Veteran wins firefighter honor

November 01, 1999

Outstanding FirefighterBy KIMBERLY YAKOWSKI / Staff Writer

photo: JOE CROCETTA / staff photographer

On Oct. 21, Richard Baer was named Outstanding Firefighter by the Washington County Volunteer Fire & Rescue Association.

Baer said he appreciates being acknowledged by his peers but believes that if an award is to be given it should go to someone else - his wife.

"Many a meal has gotten cold while I was out on a call," said Baer.

Married to Donna Baer for 40 years, he said she has supported him every step of the way.

"They're the unsung heroes," he said referring to the spouses of rescuers.

A volunteer with the Longmeadow Volunteer Fire Department, Baer has answered the call to service for the past 46 years.

At 62, Baer doesn't often get close to the flames anymore.

"My wife doesn't want me to (fight fires) and I respect that. But if push comes to shove, I'll help out," he said.


Baer is still relied on to drive the company's trucks at an age when many firefighters step onto the sidelines.

At the age of 16, the Washington County native followed in the footsteps of several family members in devoting himself to firefighting.

"I just never knew any different. It was what I was taught and it gave you a sense of pride," he said.

Baer said his parents instilled in him an appreciation for community involvement. "I was taught do what I can for people."

Originally a member of the Maugansville Goodwill Fire Department, Baer in 1970 helped organize the Longmeadow Fire Department on Longmeadow Road in Hagerstown.

He served in several positions with Longmeadow, including vice president, lieutenant, recording secretary, captain, chaplain, fire chief, firefighter, chief engineer, deputy chief and secretary.

"Baer has established a very high standard of excellence which every firefighter should strive to obtain," said former Longmeadow Fire Chief Justin Mayhue in his Outstanding Firefighter nomination letter.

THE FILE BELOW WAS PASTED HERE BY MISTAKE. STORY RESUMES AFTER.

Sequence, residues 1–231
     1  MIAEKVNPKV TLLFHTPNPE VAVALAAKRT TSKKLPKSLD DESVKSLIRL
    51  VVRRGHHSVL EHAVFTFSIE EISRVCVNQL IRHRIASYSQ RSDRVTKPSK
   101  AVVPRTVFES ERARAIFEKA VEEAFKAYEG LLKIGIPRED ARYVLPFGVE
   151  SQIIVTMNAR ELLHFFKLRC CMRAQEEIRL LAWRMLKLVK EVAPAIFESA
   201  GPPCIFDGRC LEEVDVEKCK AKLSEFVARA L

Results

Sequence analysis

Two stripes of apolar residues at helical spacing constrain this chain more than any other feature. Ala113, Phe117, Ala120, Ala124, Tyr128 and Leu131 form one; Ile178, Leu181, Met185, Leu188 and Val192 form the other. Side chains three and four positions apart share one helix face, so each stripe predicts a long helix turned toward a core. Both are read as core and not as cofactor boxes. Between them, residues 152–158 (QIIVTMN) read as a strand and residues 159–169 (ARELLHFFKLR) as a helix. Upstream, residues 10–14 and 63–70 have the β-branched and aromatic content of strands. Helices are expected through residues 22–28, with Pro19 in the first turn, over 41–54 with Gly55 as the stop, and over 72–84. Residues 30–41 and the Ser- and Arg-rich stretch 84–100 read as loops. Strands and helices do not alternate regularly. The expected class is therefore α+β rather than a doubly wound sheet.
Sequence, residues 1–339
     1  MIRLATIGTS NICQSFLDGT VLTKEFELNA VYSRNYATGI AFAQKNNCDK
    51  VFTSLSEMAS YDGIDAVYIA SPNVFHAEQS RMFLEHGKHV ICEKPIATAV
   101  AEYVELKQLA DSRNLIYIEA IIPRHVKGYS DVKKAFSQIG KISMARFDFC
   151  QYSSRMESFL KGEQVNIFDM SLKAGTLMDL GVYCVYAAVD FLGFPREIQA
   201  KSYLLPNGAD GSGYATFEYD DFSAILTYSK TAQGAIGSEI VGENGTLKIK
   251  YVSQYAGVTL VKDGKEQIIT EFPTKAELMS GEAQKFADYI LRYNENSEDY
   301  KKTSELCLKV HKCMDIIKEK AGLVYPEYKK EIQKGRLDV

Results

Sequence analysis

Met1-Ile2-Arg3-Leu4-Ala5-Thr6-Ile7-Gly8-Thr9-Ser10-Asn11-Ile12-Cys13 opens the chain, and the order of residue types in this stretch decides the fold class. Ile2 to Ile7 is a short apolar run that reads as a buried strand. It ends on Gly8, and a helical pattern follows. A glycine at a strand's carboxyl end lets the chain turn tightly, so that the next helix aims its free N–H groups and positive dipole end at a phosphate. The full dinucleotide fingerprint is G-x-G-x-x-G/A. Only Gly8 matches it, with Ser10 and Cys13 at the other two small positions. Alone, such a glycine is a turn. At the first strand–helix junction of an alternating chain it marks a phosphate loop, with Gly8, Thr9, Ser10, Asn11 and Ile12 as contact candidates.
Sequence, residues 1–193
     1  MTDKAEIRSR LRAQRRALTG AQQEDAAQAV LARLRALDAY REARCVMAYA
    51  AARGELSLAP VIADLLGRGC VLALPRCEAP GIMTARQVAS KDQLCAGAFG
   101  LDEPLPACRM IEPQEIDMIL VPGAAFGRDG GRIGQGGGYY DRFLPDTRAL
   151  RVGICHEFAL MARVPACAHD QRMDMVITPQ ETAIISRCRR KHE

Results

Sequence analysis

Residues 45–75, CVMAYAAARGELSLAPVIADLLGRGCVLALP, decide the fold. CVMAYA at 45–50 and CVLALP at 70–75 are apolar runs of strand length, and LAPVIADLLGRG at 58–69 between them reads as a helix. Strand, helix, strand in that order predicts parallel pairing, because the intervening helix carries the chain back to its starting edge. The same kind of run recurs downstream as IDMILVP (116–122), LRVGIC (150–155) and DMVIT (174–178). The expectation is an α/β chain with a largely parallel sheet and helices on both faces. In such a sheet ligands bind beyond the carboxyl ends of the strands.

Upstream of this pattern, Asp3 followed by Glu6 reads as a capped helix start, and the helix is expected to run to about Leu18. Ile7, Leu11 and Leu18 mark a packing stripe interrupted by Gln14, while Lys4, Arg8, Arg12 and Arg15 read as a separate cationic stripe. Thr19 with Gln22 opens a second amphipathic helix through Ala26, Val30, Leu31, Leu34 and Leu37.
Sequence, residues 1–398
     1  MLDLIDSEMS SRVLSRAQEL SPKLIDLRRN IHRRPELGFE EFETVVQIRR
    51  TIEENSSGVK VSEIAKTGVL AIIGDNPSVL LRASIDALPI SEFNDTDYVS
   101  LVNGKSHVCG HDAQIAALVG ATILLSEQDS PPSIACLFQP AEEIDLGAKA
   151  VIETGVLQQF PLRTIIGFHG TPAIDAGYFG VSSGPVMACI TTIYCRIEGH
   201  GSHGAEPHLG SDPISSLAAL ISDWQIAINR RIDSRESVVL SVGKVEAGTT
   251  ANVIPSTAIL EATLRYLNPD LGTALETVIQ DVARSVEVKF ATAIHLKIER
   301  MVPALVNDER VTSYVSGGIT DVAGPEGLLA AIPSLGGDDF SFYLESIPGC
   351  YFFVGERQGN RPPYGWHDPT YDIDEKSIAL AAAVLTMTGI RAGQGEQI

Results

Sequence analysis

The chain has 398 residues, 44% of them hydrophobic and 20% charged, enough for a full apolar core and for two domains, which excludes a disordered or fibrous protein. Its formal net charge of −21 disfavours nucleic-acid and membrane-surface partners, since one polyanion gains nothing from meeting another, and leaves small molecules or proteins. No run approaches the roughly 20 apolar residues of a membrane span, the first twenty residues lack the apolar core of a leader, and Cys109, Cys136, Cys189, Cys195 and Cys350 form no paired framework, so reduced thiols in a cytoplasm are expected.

"Although soft-spoken, his words and actions are synonymous. In the face of fire and uncontrolled chaos his demeanor is calm and his actions are decisive," Mayhue wrote.

Through the years Baer experienced the physical toll firefighting brings, along with the camaraderie.

While fighting a fire in a two-story home more than 25 years ago, Baer fell through a staircase.

He escaped with just bruises but firefighters in another part of the home weren't so lucky, having to fight off a swarm of bees flushed out by the smoke, he said.

Modest about his years of service, Baer said that he isn't so special, although others would disagree.

Baer is someone "the world can look to with awe and wonder at his long successful career," said current Longmeadow Fire Chief Richard Roche.

One of Roche's favorite Richard Baer stories originated in 1996, when the firefighter, without a car to drive, ran from his lawn-care business on Marsh Pike to the fire station so the company would not fail on the call.

At the time Baer was 59 years old.

"Most would have not responded to the call at all, let alone run almost a mile and a half distance through fields and yards. But then Richard (Baer) is not most," said Roche.

Over the years Baer has fought his share of fires in which lives have been lost and homes destroyed.

"You can sit home and read about a fire or a flood in the paper, but when you sift through soggy, burnt remains of home you realize how much people really lose," said Baer.

"It makes you more appreciative of what you have."

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